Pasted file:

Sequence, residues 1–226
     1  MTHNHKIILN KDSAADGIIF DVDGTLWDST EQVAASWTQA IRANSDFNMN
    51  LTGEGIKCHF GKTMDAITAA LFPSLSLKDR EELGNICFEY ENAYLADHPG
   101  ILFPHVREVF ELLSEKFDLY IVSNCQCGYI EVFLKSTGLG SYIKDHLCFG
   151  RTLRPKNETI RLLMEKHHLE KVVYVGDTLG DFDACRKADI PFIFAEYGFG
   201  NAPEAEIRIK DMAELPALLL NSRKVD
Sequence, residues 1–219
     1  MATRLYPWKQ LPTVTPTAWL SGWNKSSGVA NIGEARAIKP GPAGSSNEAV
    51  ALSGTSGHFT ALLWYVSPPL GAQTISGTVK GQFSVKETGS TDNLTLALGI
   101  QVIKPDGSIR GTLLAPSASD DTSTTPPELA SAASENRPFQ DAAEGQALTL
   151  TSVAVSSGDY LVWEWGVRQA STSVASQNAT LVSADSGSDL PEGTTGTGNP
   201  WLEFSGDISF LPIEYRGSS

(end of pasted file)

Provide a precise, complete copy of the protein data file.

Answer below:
Sequence, residues 1–226
     1  MTHNHKIILN KDSAADGIIF DVDGTLWDST EQVAASWTQA IRANSDFNMN
    51  LTGEGIKCHF GKTMDAITAA LFPSLSLKDR EELGNICFEY ENAYLADHPG
   101  ILFPHVREVF ELLSEKFDLY IVSNCQCGYI EVFLKSTGLG SYIKDHLCFG
   151  RTLRPKNETI RLLMEKHHLE KVVYVGDTLG DFDACRKADI PFIFAEYGFG
   201  NAPEAEIRIK DMAELPALLL NSRKVD
Sequence, residues 1–219
     1  MATRLYPWKQ LPTVTPTAWL SGWNKSSGVA NIGEARAIKP GPAGSSNEAV
    51  ALSGTSGHFT ALLWYVSPPL GAQTISGTVK GQFSVKETGS TDNLTLALGI
   101  QVIKPDGSIR GTLLAPSASD DTSTTPPELA SAASENRPFQ DAAEGQALTL
   151  TSVAVSSGDY LVWEWGVRQA STSVASQNAT LVSADSGSDL PEGTTGTGNP
   201  WLEFSGDISF LPIEYRGSS